3. How does graduate school differ from your undergraduate experience? In what ways do you feel MVNU prepared you for where you are now? Graduate school was far more intensive: more reading, more writing, more thinking, more anxiety, and less sleeping. This complete immersion allows you to really engage with your work at a high level, and results in more thoughtful work. Mount Vernon gave me a broad knowledge of the field, and allowed me to develop the basic skills I needed for graduate school. My studies at UB were focued on contemporary poetry/poetics, which was very different than anything that was offered at Mount Vernon. But, even while I was at MVNU, my professors were open to these texts.
4. What is your favorite genre to read? I really like a lot of hybrid work, things that break down traditional lines and expectations of genre. Recently, I’ve been really into the work put out through Troll Thread and Gaus-PDF. They are doing some wild/exciting/reckless work, taking advantage of the possibilities of the digital venue for poetry/art.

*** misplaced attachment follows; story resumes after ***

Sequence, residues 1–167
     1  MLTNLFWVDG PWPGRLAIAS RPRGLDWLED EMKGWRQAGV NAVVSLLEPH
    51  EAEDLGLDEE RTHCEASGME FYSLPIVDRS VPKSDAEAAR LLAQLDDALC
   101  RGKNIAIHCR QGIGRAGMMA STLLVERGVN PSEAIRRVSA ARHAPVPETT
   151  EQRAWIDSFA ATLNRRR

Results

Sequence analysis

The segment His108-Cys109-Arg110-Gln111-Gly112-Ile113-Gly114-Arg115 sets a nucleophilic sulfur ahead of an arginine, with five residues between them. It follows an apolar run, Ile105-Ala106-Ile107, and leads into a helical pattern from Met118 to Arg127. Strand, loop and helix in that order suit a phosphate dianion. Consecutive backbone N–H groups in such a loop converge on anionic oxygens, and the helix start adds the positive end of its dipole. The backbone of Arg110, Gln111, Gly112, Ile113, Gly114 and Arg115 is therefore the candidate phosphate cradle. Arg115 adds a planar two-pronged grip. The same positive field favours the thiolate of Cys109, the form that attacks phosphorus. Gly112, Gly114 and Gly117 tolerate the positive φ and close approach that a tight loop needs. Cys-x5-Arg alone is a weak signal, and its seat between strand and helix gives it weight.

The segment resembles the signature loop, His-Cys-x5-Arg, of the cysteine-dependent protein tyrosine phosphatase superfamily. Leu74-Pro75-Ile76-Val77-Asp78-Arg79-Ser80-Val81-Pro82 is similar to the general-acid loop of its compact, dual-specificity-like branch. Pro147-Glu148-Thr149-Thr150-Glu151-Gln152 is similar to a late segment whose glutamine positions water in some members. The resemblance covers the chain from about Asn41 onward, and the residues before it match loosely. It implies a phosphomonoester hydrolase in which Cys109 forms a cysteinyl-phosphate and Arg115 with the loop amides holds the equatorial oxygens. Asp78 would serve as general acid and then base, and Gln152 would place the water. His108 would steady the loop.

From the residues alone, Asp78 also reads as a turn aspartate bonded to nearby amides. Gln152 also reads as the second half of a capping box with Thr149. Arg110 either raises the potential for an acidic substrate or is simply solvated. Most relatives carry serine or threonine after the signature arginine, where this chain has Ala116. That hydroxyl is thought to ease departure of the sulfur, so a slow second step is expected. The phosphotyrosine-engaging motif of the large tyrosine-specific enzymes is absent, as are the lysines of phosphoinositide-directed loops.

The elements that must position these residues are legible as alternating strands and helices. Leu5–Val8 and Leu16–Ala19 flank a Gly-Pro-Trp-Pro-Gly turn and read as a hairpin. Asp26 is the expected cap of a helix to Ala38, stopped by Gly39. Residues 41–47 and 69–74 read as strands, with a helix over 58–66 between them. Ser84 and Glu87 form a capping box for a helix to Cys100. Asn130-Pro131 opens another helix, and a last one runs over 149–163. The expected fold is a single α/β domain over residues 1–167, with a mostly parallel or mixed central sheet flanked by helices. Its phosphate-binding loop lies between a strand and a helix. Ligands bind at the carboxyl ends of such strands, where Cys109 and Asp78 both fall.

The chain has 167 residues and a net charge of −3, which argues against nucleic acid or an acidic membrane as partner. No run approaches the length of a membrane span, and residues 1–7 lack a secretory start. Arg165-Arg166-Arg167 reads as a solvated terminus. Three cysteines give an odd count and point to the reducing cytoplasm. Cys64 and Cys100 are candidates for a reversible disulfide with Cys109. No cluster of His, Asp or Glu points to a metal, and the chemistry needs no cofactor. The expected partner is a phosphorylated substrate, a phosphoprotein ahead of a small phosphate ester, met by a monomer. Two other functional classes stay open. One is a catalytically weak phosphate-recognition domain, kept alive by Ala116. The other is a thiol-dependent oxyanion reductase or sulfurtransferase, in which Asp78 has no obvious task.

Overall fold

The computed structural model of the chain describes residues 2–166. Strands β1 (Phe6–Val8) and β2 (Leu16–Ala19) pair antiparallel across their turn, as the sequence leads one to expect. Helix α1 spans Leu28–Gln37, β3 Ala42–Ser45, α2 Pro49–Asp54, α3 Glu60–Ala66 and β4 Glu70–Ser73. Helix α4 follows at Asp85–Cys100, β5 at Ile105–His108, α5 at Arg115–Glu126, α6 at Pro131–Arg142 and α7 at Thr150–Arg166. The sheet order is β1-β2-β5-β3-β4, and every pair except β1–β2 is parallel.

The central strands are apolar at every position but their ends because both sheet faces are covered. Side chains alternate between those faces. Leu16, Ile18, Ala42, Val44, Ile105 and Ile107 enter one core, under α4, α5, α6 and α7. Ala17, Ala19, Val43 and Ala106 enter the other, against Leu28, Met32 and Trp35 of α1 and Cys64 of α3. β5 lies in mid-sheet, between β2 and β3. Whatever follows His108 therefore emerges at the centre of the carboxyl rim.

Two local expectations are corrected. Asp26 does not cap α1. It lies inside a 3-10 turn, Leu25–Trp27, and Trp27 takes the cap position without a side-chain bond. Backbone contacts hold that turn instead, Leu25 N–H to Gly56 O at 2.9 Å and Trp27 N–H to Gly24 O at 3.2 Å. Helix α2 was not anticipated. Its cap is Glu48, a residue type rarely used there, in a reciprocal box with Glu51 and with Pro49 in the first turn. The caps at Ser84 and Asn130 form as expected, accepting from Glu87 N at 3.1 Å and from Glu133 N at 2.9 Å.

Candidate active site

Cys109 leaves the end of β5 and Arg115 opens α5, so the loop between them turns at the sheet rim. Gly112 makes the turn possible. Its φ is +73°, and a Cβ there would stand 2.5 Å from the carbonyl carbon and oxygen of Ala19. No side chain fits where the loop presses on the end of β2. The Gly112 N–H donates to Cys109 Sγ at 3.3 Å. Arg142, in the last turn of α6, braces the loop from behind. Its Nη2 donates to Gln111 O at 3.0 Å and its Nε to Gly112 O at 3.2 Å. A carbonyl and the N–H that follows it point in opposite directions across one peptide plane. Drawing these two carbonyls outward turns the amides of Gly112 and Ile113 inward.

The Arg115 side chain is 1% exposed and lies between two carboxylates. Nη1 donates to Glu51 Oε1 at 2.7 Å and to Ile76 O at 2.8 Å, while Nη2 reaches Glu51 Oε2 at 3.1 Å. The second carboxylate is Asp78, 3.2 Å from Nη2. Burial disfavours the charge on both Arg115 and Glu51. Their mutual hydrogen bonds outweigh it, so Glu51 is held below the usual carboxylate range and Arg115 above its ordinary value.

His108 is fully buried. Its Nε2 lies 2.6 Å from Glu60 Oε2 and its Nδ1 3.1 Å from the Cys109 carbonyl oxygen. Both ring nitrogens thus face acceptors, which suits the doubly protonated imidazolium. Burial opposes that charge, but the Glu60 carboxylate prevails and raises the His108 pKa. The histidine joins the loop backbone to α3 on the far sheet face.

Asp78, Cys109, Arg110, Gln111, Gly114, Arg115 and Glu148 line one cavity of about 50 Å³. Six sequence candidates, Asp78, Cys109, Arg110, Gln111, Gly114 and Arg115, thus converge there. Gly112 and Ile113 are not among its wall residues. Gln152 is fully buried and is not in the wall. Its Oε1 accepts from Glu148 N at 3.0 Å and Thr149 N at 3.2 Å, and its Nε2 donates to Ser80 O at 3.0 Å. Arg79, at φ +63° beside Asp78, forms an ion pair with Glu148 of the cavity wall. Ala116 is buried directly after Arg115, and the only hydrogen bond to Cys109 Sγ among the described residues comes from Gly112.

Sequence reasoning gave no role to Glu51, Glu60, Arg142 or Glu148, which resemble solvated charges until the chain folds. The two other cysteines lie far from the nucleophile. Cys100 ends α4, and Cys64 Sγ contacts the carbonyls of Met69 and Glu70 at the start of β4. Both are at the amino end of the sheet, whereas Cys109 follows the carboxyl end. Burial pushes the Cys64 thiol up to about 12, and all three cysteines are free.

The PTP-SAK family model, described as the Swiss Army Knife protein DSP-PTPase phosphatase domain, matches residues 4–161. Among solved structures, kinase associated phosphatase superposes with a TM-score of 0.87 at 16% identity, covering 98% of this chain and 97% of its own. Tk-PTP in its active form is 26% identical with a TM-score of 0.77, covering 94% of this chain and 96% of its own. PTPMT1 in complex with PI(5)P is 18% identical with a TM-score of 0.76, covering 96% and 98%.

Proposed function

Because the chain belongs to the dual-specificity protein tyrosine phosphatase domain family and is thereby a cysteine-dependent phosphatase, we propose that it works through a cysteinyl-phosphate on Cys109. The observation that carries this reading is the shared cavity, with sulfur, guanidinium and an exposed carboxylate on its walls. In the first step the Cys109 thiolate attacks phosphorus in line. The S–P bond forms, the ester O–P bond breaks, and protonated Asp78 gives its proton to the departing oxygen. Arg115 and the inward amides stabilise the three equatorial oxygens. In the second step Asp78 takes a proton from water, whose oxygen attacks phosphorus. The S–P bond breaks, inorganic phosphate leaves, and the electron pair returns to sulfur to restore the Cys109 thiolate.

“Why are we reading, if not in hope of beauty laid bare, life heightened and its deepest mystery probed? Can the writer isolate and vivify all in experience that most deeply engages our intellects and our hearts? Can the writer renew our hopes for literary forms? Why are we reading, if not in hope that the writer will magnify and dramatize our days, will illuminate and inspire us with wisdom, courage and the hope of meaningfulness, and press upon our minds the deepest mysteries, so we may feel again their majesty and power? What do we ever know that is higher than that power which, from time to time, seizes our lives, and which reveals us startlingly to ourselves as creatures set down here bewildered?”